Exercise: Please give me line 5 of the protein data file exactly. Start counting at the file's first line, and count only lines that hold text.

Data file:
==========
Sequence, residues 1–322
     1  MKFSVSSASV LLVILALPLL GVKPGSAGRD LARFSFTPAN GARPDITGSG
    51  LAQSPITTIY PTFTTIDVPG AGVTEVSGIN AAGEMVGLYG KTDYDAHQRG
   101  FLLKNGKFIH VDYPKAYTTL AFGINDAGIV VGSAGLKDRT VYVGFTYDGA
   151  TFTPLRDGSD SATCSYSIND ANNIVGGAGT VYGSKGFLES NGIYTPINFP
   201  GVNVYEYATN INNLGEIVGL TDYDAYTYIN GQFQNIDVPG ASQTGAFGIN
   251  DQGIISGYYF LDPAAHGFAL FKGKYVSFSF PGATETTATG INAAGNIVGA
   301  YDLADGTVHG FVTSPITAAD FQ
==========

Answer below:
   151  TFTPLRDGSD SATCSYSIND ANNIVGGAGT VYGSKGFLES NGIYTPINFP